Creative Burnout and How To Combat It

So, I actually wrote part of this article before the whole Bay Area Shelter-In-Place thing happened. A lot of my advice from before included tips like experiencing nature and observing people and visiting museums. Sometimes, when your mind really boggled and burnout, a breath of fresh air is the way to go. Well, obviously, most of us are now house-bound, so I scrapped all of that. Without further ado: how to combat creative burnout during the Coronavirus Shelter-In-Place. 

Creative burnout has many names. Some people call it “inspiration burnout” or “writer’s block” or “artist’s block” or “creative rut.” But essentially it’s one sort of concept, a medium-length-term of lack of creativity or inspiration. I also like to split creative burnout into two categories: having lots of ideas in the backburner but mentally not being able to draw or write or express them, and having no ideas but wanting to be able to create art. And it feels terrible. Being in that sort of state feels like you are desperately reaching for something, only to come up empty handed. It feels like the blank piece of paper in front of you is mocking you. It feels like overwhelming, and nothing comes to mind or everything comes to mind, but that paper stays blank. It feels like you can’t create at all.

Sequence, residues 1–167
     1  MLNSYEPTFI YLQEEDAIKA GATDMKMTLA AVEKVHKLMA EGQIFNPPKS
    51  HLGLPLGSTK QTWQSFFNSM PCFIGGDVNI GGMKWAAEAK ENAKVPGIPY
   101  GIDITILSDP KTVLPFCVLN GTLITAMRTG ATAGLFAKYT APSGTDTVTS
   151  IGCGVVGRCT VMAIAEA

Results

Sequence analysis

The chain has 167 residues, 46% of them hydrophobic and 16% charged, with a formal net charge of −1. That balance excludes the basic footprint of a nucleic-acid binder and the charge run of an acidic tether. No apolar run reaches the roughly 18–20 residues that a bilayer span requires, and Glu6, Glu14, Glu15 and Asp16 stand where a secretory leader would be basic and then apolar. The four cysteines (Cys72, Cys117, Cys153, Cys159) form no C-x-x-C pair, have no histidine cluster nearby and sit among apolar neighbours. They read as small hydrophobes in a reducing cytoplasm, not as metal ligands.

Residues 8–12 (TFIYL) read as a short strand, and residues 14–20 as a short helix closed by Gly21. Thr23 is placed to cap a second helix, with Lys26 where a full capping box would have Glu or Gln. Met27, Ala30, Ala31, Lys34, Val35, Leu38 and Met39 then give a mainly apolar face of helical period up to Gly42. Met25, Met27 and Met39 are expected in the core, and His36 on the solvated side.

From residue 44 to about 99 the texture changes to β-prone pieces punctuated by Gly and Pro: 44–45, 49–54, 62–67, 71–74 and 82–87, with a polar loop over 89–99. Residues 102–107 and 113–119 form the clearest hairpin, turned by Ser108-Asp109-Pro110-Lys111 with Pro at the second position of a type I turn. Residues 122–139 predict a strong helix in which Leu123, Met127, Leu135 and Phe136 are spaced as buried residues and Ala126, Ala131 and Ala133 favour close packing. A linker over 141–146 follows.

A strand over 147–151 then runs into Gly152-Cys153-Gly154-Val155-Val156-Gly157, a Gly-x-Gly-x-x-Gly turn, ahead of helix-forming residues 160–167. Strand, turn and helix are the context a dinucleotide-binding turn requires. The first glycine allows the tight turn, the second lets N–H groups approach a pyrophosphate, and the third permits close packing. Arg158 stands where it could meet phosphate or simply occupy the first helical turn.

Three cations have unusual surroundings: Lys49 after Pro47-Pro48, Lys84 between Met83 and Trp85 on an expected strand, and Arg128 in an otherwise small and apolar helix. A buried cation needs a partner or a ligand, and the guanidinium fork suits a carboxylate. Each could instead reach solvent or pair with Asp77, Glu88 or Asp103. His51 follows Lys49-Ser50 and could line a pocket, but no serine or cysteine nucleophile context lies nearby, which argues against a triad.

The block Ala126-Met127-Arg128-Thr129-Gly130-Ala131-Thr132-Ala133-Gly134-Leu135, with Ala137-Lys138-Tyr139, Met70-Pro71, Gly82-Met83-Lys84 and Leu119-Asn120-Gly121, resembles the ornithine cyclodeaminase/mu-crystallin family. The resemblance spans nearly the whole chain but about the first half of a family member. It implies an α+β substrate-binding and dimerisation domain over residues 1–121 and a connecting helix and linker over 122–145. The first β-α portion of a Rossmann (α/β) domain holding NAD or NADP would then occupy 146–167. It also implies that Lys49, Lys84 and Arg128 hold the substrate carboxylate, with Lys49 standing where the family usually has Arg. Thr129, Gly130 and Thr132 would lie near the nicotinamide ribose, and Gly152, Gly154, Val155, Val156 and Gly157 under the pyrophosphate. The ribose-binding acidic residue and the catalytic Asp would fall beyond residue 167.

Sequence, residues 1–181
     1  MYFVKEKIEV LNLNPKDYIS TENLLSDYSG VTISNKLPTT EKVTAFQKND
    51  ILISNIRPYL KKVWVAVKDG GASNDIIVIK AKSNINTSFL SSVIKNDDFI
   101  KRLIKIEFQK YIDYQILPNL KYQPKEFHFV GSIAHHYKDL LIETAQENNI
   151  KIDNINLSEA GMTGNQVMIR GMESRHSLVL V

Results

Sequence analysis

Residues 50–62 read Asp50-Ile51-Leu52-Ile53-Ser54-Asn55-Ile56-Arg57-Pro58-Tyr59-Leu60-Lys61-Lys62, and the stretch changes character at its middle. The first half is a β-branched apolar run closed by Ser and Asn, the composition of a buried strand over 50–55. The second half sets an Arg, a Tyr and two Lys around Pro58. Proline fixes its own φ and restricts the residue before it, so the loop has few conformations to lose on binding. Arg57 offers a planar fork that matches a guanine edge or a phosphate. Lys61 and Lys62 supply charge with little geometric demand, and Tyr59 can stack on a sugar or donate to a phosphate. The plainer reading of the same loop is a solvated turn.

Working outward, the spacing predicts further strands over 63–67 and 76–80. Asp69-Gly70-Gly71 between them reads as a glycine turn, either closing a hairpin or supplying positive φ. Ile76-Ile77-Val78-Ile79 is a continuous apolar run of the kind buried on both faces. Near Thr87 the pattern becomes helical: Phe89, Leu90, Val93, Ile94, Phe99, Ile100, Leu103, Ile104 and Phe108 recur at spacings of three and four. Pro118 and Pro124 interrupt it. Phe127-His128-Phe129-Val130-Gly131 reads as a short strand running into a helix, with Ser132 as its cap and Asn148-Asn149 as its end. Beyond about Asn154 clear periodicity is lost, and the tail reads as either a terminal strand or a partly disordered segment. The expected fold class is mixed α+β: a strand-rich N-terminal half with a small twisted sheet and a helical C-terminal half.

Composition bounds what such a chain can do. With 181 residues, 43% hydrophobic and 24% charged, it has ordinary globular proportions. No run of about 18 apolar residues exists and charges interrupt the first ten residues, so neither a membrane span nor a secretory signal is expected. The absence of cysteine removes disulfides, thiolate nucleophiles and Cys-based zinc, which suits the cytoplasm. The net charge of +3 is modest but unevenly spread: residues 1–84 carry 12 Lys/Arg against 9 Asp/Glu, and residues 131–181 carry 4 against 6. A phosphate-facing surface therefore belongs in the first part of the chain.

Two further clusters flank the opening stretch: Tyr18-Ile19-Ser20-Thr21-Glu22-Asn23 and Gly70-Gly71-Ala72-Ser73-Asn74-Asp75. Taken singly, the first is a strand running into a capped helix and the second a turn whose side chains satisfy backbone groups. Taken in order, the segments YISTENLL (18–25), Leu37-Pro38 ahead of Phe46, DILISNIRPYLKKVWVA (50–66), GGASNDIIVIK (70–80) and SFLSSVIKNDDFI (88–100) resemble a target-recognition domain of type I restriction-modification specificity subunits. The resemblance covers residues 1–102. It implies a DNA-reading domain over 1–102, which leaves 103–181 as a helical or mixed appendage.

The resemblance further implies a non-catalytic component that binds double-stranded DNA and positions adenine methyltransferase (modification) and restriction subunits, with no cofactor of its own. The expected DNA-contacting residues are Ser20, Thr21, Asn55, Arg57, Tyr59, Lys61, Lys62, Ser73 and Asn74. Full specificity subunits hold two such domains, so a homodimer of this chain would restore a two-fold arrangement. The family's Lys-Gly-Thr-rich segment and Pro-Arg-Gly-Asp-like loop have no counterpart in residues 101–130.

Sometimes it feels like it is going to last forever. That you’ll never create ever again. But it’s not. You will eventually get out of that state. And here are some tips on how to deal with the frustration of creative burnout and perhaps might help you rise out of the burnout. Just create something. It doesn’t have to be good. If you can, scribble on a piece of paper or just write something without deleting it. This will help your creativity start flowing. Another tip is to use prompts. Can’t come up with an idea? Google a random prompt generator. Or look at the works of people you admire. Maybe they will spark a tiny idea inside you. But definitely, don’t copy too closely. Or just simply step away from your work for a bit to see it with new eyes later. Go to your backyard, do something relaxing, take a break. 

Eventually it will fade. Burnout doesn’t last forever. And when it’s over, you’ll find yourself with a fresh perspective. 

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